“There’s flowers growing in my ribcage.” + Tomarry?
“There are flowers growing in my ribcage.”
“That’s… nice, I suppose. Although you ought to curse the coffin-maker for designing you a coffin so faulty as to let dirt in.”
Harry nodded dreamily. “Maybe. I could just leave that to you, though.”
Tom smiled. “I’d be delighted to.”
“Do you know what’s happening to your body?” Harry asked. Tom could never decide whether he liked or disliked it when Harry looked at him, for in death his eyes had gained an eerie, ethereal glow to them.
“No. It wasn’t even truly mine by the end. I guess I’m glad.”
Harry nodded again, leaning his head on Tom’s shoulder. They hadn’t figured out all of the rules to the afterlife yet, but they had figured out that even in their translucent forms they could still touch each other and other things. Tom appreciated that; he found himself appreciating a lot more in death than he ever had in life.
“I asked them to bury your body in Godric’s Hollow,” Harry said after a while. In his mind’s eye, Tom could see the graveyard Harry was referring to. There were wreaths on James and Lily Potter’s graves. There was a solitary white rose on his own.
“Doesn’t it bother you? That I’m next to your parents- who I killed?”
Harry sighed exasperatedly. “You’re different now. The fact that you even ask the question proves that. Anyway, the polite response would have been thank you.”
Tom paused reluctantly, longer than was necessary, long enough for Harry to start laughing at him. “Thank you,” he finally answered, matching Harry’s mirth with a wry smile of his own.
He had always wanted to be busy, to be doing something, to be powerful. Dominant, even. But just sitting here with Harry, not speaking, barely even existing, Tom was content.
Yoo so I’m doing it, I’m dipping my tootsies in the kagehina fanfic waters for aweekofkagehina and I’m gonna post it now before I lose my nerve.
So this is for Day 2 and the prompt is ‘subtle’.
In which Kageyama
is the exact opposite of subtle, and Hinata is the definition of clueless.
“Come have some fucking lunch with me.”
In hindsight, Kageyama could have worded it better. He
rolled the volleyball in his palms and frowned down at the stripes, twisting
and turning with each spin between in fingers, and tried his hardest to fight
the blush heating his cheeks.
“I have lunch with you every day, idiot.” Hinata danced
from foot to foot and stretched his arms, shaking sweat-dampened locks out of
his eyes. “It’s kinda weird that you’re asking.”
Kageyama hurled the ball at Hinata, who barely managed to
duck away from it before it ricocheted off a tree trunk and rolled back across
the grass. Hinata bent and scooped it up, then spun around on his heel.
“What the hell was that for?” He whined, and launched it
“Like I need a reason.” Kageyama grabbed the ball and squeezed
it, eyes furious and staring at the leather, and then he said, “so are you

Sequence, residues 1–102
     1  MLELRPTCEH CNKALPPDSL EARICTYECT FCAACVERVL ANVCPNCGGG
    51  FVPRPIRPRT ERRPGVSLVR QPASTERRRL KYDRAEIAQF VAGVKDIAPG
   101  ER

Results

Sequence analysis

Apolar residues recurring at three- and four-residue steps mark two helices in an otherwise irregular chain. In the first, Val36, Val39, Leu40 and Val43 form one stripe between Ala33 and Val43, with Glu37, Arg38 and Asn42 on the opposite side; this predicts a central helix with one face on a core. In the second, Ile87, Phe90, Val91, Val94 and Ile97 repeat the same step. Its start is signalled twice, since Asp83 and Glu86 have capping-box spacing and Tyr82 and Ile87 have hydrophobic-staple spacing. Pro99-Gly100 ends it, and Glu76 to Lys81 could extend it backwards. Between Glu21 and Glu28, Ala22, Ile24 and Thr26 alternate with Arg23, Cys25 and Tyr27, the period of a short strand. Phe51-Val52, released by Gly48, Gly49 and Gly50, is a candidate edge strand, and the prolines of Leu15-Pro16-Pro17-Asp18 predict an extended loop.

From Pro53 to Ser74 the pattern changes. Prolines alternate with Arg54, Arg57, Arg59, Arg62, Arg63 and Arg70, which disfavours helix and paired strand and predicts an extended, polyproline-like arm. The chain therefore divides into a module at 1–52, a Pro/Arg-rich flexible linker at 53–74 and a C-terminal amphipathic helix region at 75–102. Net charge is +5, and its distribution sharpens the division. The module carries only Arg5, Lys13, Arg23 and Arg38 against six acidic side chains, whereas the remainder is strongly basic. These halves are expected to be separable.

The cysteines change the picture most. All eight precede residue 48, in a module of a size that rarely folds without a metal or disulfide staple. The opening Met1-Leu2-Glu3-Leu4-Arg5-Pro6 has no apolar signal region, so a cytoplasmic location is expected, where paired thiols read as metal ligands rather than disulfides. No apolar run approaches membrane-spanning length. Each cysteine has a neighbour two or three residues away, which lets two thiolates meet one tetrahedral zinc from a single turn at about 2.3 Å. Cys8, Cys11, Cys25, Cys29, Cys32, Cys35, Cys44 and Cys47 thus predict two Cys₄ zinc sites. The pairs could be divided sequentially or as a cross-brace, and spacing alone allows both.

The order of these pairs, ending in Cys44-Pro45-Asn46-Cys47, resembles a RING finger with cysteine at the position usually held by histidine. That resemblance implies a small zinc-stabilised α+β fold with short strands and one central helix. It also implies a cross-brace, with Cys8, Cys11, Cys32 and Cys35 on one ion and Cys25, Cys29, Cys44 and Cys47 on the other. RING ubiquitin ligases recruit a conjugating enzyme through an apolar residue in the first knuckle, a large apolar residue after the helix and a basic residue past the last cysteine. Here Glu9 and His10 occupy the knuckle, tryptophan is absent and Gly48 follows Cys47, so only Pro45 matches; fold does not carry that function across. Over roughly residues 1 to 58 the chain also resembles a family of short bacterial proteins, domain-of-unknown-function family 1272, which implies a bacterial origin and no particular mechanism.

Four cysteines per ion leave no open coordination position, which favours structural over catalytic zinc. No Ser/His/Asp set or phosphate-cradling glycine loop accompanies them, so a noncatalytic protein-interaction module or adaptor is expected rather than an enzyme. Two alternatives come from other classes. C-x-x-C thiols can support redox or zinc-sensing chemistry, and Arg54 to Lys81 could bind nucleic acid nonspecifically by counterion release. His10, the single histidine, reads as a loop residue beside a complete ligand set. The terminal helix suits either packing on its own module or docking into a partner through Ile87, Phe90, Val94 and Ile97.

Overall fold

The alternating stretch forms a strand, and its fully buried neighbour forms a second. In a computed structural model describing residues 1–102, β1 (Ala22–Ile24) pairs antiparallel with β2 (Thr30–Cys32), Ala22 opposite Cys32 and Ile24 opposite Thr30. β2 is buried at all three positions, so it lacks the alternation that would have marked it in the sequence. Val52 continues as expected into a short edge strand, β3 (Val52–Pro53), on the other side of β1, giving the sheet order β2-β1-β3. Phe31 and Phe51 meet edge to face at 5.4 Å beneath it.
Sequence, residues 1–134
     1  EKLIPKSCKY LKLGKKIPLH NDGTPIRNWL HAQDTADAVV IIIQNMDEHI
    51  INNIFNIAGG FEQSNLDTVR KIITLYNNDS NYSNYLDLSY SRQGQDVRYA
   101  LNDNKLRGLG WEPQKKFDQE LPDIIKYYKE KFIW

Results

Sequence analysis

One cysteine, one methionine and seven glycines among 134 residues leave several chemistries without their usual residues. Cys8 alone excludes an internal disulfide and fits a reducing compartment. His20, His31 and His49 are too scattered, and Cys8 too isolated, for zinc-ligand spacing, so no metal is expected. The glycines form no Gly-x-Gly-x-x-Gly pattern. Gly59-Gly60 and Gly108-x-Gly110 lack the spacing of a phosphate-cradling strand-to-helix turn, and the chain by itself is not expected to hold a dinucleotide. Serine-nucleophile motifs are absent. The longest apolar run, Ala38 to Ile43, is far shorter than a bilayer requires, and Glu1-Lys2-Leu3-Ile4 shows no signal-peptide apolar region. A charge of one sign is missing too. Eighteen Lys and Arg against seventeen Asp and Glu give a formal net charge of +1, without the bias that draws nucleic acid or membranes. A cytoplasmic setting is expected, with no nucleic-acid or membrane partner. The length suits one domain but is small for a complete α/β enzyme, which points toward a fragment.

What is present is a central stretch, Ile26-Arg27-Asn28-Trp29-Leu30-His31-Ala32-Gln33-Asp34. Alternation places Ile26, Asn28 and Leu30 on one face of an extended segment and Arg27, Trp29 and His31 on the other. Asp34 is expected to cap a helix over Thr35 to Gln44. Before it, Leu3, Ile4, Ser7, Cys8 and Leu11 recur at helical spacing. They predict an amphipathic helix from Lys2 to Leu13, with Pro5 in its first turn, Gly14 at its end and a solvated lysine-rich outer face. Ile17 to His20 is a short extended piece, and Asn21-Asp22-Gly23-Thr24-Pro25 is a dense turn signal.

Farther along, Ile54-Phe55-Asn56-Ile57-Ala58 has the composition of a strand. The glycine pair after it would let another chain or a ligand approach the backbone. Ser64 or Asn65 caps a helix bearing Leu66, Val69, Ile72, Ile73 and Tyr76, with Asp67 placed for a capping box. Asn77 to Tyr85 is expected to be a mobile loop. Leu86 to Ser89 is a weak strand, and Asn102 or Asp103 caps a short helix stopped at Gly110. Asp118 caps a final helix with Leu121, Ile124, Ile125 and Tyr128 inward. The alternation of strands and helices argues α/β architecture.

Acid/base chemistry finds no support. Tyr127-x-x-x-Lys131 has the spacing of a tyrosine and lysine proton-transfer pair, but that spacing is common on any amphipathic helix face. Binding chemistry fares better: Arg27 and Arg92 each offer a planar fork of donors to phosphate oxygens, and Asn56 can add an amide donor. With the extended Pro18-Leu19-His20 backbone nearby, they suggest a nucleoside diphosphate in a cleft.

gonna eat with me or not, dumbass?”
(a sort-of epilogue to this because I can’t stop writing about it, apparently.)
“You’re still sandy,” Emma remarks, running her fingers through his dark, damp hair after they finally pull themselves out of the water. She knows she’ll be washing sand out of her own hair for another week or so too, but when he pulls her into the hammock to sit in his lap she decides it doesn’t matter as much as she originally thought.
He’s doing his best to avoid getting ready for dinner, even though they both agreed to get dressed up for this particular excursion (or at least more dressed up than usual. The silky button-down and the jewelry are about as fancy as Emma gets these days, and he can’t say he minds.)
“You’re still sunburnt,” he answers back, leaning into her touch and laying his hand against her thigh. He can feel the heat of the sun on her skin just as much as he can see it in the pink on the apples of her cheeks, a color he knows will turn more red as the sun continues to sink. Every good sunburn takes a few hours to really show and hers is only just coming up.
He trails his thumb back and forth over her smooth skin, tracing around a freckle that he’s never seen before. Granted, they finished the list of goals she wrote out for him a year ago ago, the day he came into her clinic, but he likes to think he knows her better than almost anyone else. He’s almost sure, in fact.
Sometimes he thinks losing his hand might have been the best thing that ever happened to him, if it led them to each other.
“We can’t sit here forever,” Emma reminds him gently, doing absolutely nothing to extract herself from his hold and go back inside to grab her shoes. “We’re going to be late.”
“Didn’t anyone ever tell you there’s no such thing as late at the beach, Swan?”
“Only you, and only when we’re running late to to something.”
She smiles one of his favorite smiles then, tracing the curve of his eyebrow and looking at him like he’s just told her the best secret in the world. The small velvet box in the pocket of his most formal pair of shorts shifts slightly as he leans up to taste her smile, but it’s not time yet. He pushes it back out of sight as he allows Emma to pull them both off the hammock, hoping he gets to see that same smile when the right moment comes.